Maraga village is currently controlled by the Azerbaijani army. The former residents of the village now live in Russia, Armenia and other parts of Nagorno-Karabakh. Those living in Russia are unable to return to Karabakh because of the lack of funds to cover travel expenses.[4] The residents of Maraga who stayed in Karabakh have rebuilt another village on the ruins of another village in Nagorno-Karabakh, not far from Maraga. This new village is now called Nor Maraga (New Maraga). There has been a monument erected in New Maraga commemorating the victims of the massacre.[3]

Caroline Cox has stressed this in her interview:

The suffering of your people [should] somehow [be] recognized and they will therefore receive justice and the right to live in peace and freedom in their land… [I]t is impossible for the Armenians who live in Artsakh (Nagorno-Karabakh) ever again to accept Azeri sovereignty.[21]

See also[]


  1. 1.0 1.1 1.2 De Waal, Thomas. Black Garden: Armenia and Azerbaijan Through War and Peace. New York: New York University Press, 2003, pp. 175-176.
  2. (Russian) "Хронология Карабахского конфликта, 1992 год ("The Chronology of the Karabakh Conflict, 1992")." BBC Russian. Last updated August 29, 2005. Retrieved December 20, 2010.
  3. 3.0 3.1 3.2 3.3 3.4 3.5 Cox, Caroline. "Survivors of the Maraghar Massacre."Christianity Today. April 27, 1998. Retrieved December 20, 2010.
  4. 4.0 4.1 4.2 Amnesty International. Azerbaijan; Hostages of the Karabakh conflict: Civilians still have to suffer. April 1993 [1]
  5. De Waal. Black Garden, p. 176.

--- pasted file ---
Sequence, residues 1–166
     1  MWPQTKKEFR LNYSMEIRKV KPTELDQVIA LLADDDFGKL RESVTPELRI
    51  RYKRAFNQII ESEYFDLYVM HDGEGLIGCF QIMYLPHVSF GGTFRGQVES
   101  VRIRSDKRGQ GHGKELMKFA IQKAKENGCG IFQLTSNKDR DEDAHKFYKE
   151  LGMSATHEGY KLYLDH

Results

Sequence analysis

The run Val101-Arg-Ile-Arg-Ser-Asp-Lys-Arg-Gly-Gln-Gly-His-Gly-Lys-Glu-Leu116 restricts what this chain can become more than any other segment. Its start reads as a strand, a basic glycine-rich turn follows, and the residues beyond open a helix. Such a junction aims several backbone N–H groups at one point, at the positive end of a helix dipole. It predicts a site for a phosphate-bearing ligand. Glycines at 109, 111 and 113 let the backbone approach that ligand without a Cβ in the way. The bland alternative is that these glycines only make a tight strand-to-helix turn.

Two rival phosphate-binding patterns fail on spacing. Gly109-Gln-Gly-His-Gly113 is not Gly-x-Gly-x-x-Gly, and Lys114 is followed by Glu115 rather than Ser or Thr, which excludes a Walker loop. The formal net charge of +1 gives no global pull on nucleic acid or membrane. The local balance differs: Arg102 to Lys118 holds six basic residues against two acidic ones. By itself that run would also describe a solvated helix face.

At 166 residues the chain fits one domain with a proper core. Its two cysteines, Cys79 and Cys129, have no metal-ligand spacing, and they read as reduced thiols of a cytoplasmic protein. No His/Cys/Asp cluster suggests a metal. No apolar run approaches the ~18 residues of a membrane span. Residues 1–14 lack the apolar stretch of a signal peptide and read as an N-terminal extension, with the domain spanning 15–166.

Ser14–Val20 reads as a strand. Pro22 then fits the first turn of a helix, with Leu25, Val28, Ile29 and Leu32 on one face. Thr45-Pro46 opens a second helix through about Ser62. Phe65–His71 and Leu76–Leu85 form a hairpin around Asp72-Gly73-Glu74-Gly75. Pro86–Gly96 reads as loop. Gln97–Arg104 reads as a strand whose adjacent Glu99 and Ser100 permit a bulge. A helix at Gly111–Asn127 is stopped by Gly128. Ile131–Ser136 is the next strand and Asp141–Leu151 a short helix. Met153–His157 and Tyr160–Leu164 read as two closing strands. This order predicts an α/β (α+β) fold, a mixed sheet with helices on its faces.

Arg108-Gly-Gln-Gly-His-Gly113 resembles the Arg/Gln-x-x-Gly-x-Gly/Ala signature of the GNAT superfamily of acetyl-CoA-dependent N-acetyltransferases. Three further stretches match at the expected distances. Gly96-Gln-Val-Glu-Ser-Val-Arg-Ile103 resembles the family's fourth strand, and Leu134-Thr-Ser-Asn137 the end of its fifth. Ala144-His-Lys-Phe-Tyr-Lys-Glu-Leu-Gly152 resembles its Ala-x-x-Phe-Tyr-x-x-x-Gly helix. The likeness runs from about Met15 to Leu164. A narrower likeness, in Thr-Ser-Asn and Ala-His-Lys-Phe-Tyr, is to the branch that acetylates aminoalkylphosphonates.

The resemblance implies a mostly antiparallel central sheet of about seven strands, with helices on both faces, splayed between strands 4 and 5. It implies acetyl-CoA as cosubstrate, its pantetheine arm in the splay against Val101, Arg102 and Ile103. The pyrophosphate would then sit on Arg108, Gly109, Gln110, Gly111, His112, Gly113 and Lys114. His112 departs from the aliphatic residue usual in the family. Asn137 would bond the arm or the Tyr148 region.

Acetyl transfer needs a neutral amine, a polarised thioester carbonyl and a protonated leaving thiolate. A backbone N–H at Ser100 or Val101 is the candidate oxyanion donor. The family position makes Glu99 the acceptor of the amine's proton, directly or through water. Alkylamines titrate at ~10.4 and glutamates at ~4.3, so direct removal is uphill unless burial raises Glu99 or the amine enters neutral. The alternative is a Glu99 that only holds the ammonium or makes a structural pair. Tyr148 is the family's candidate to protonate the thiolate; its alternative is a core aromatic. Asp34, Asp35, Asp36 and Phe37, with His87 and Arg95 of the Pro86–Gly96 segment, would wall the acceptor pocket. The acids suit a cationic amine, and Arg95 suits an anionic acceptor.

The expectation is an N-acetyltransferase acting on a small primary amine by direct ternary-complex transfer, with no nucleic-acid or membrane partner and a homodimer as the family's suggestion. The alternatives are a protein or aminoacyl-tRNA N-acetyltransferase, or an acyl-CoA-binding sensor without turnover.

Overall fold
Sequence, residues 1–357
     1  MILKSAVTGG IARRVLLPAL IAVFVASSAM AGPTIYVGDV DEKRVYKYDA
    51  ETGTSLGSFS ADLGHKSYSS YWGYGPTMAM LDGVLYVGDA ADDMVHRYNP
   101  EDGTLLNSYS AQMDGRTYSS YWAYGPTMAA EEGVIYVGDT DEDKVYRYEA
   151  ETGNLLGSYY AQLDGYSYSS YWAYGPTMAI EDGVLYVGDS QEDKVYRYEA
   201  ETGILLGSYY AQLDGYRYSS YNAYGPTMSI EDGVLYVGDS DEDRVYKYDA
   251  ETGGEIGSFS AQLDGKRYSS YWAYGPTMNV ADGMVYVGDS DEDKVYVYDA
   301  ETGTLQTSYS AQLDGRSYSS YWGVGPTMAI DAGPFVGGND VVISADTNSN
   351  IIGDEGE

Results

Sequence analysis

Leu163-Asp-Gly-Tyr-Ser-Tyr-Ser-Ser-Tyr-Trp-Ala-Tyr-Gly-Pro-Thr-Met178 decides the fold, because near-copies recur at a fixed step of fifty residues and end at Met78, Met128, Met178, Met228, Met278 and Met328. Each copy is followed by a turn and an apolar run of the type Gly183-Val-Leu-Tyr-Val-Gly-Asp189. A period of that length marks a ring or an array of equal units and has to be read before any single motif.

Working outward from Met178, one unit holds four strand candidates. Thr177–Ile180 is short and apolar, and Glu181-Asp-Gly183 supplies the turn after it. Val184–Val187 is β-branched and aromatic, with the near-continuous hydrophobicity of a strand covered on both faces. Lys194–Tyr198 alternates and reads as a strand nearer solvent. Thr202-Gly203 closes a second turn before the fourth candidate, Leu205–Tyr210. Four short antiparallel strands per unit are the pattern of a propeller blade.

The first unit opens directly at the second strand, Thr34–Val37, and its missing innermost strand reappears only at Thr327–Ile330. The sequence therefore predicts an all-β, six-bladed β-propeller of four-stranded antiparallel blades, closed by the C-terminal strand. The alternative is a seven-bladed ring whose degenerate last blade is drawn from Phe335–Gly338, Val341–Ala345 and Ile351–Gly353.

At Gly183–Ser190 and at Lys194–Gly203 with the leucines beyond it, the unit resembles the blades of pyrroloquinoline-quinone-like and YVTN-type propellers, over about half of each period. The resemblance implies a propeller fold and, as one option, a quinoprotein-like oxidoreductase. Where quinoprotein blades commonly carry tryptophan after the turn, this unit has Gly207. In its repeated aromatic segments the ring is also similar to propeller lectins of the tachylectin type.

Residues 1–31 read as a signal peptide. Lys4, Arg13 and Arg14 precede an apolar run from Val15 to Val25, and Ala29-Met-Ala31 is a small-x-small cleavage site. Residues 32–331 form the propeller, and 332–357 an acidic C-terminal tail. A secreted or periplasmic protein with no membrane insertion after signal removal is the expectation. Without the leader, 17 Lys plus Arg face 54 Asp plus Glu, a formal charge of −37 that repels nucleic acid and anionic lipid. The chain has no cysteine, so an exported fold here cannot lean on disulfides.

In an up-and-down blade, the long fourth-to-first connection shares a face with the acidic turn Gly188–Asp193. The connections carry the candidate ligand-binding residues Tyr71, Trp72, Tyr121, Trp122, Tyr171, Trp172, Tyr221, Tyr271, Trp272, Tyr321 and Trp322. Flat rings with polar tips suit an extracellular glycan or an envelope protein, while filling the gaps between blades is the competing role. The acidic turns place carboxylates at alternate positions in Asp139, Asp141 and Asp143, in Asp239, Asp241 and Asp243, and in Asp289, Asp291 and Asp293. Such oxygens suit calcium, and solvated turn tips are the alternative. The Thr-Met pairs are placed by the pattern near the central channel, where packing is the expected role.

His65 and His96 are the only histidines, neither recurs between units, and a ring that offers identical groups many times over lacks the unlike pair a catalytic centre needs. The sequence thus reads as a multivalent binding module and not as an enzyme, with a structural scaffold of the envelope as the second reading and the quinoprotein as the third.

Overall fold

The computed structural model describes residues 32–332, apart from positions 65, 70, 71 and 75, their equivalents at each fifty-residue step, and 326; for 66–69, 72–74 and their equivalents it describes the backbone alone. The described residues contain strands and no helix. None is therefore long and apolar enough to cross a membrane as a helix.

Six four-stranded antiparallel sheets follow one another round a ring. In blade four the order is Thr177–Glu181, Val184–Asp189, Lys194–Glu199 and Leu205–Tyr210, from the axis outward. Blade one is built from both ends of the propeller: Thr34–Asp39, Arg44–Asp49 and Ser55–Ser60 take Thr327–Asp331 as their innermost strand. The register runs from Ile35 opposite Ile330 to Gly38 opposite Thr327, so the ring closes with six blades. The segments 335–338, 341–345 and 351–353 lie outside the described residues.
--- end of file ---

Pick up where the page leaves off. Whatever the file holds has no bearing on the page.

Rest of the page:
6. Human Rights Watch/Helsinki (1994). Azerbaijan: Seven years of conflict in Nagorno-Karabakh. New York: Human Rights Watch. p. 6. ISBN 1-56432-142-8. 
  7. Amnesty International. "Azerbaydzhan: Hostages in the Karabakh conflict: Civilians Continue to Pay the Price." Amnesty International. April 1993 (POL 10/01/93), p. 9.
  9. 9.0 9.1 9.2 9.3 9.4 9.5 9.6 9.7 9.8 Левон Мелик-Шахназарян, «Военные преступления Азербайджана против мирного населения Нагорно-Карабахской Республики» Глава 9, Распятие Мараги
  10. 10.0 10.1 10.2 10.3 10.4 10.5 10.6 10.7 Denber, Rachel; Goldman, Robert K. (1992). Bloodshed in the Caucasus: escalation of the armed conflict in Nagorno Karabakh. New York: Helsinki Watch. p. 29. ISBN 1-56432-081-2. 
  11. 11.0 11.1 Video: MARAGHA 12 APRIL 1992
  12. Eyewitness accounts
  13. 13.0 13.1 Documentary Maragha
  14. Amnesty International. "Country Dossier List 1993 Europe. "Unofficial sources report that ethnic Armenians Liana and Ulyana Barsegyan were detained on 10 April 1992 when Azerbaydzhani forces entered the village where they lived (Maraga) in the disputed region of Karabakh. AI is concerned that they are reportedly non-combatant civilians, held hostage solely because of their ethnic origin."
  15. Eyewitness Svetlana Poghosyan. Source: Petition to the Human Rights Committee c/o Centre for Human Rights, United Nations Office at Geneva 8-14 avenue de la Paix 1211 Geneva 10, Switzerland. "I cannot recount what they were doing to the young ladies and girls that they took hostage; the women who did return were covered in scars inflicted from cigarette burns." [2]
  16. Amnesty International. "Country Dossier List 1993 Europe. Amnesty International.
  17. Human Rights Watch/Helsinki. Azerbaijan: Seven years of conflict, p. 92.
  18. Great Britain, Parliament, House of Lords (1999). The parliamentary debates (Hansard): official report, Volume 598. H.M.S.O.. ISBN 0-10-780598-7. "Baroness Cox: "It is clear that I am an unashamed advocate of the Armenian cause in Karabakh. That is born of direct experience and grounded in evidence. In Christian Solidarity Worldwide, we try to emulate Andrei Sakharov"" 
  19. Cox, Caroline and John Eibner. Ethnic Cleansing in Progress: War in Nagorno Karabakh. Zurich and Washington D.C.: Institute for Religious Minorities in the Islamic World, p. 58, 1993.
  20. Interview with Caroline Cox about Maraghar Massacre – Part 1
  21. Interview with Caroline Cox about Maraghar Massacre – Part 2 (4.03-4.19; 4.30-4.58)[3]